Informa has been in a recovery position, waiting for vaccine roll-outs to take effect and confidence to return. It’s fortunes are likely to be highly dependent on just how quickly governments can inoculate citizens and roll out vaccine passport and testing certificates. But a rebound will also depend on the trajectory of the virus and recent new mutations have added to concerns that it may take longer for some key markets to reopen. So the firm has been very much in survival mode, cutting costs and staff while raising both equity and securing fresh debt lifelines to add to its financial buffers.
After the first shock of lockdowns, companies around the world moved quickly to set up digital events instead. As you would expect, Informa also jumped into this business, generating revenues of £100 million from virtual and hybrid events, but they are far from the cash cow that global conferences can provide.
The big risk is that having tried and tested the lower cost virtual versions, businesses will shy away from spending on big budget conferences in the future, and baulk at the cost of sending droves of employees on business class seats across the world.
Informa has managed to limp through the crisis, with the support of its subscriptions business, providing specialist content and digital platforms. There has been positive underlying performance for Taylor and Francis, Informa’s specialist in scholarly research arm and Informa Intelligence, which has seen strong growth in providing products for US banks.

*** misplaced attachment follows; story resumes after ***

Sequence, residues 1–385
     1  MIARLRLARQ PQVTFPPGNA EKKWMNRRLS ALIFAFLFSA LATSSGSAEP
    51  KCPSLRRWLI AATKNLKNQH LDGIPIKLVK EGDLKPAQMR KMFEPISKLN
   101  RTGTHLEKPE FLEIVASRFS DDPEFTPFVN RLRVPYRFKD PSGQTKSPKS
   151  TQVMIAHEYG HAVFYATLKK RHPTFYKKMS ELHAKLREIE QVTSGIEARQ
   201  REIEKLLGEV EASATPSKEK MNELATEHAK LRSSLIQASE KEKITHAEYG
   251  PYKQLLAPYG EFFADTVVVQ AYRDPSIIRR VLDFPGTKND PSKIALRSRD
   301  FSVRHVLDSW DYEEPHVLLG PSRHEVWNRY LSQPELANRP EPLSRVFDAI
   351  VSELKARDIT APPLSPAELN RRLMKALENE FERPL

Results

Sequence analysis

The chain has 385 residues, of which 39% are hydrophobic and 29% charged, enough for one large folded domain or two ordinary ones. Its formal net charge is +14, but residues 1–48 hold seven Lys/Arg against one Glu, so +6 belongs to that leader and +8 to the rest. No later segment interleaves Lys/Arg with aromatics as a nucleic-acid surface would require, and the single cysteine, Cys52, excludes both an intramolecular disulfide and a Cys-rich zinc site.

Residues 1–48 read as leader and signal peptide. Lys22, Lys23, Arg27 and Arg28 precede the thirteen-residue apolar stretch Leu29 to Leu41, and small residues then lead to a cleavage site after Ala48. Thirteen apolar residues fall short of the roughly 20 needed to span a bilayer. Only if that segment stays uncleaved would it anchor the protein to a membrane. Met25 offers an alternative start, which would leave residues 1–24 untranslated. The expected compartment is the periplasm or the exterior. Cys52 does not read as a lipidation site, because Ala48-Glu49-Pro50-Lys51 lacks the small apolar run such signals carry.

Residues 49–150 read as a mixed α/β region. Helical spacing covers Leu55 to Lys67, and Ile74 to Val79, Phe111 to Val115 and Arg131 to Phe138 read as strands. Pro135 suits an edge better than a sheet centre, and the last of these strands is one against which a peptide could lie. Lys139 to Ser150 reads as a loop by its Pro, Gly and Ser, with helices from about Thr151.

The group is hopeful that 2021 will be a year of transition for its physical events business and already there are positive signs from China, where the virus was supressed rapidly. 45 events have been held since last June, with 1.2 million attendees. North America and the Middle East are expected to be the next regions to re-start events, with Europe lagging behind.
Even as economies reopen, the world won’t be taking a backwards step in digital transformation, and Informa will need to keep up the pace of transition, with its physical events business likely to be slow to recover.’’
Susannah Streeter is senior investment and markets analyst at Hargreaves Lansdown